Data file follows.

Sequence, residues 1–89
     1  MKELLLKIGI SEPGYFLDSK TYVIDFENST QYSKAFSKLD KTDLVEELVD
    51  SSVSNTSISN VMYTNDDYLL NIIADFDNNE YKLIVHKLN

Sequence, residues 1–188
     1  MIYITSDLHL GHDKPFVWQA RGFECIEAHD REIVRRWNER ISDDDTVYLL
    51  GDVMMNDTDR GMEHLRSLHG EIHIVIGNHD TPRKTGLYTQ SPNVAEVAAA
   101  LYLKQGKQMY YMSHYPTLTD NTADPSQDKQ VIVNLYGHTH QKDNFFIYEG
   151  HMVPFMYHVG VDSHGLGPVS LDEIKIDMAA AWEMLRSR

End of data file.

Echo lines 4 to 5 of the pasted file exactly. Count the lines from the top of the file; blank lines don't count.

Sequence, residues 1–188
     1  MIYITSDLHL GHDKPFVWQA RGFECIEAHD REIVRRWNER ISDDDTVYLL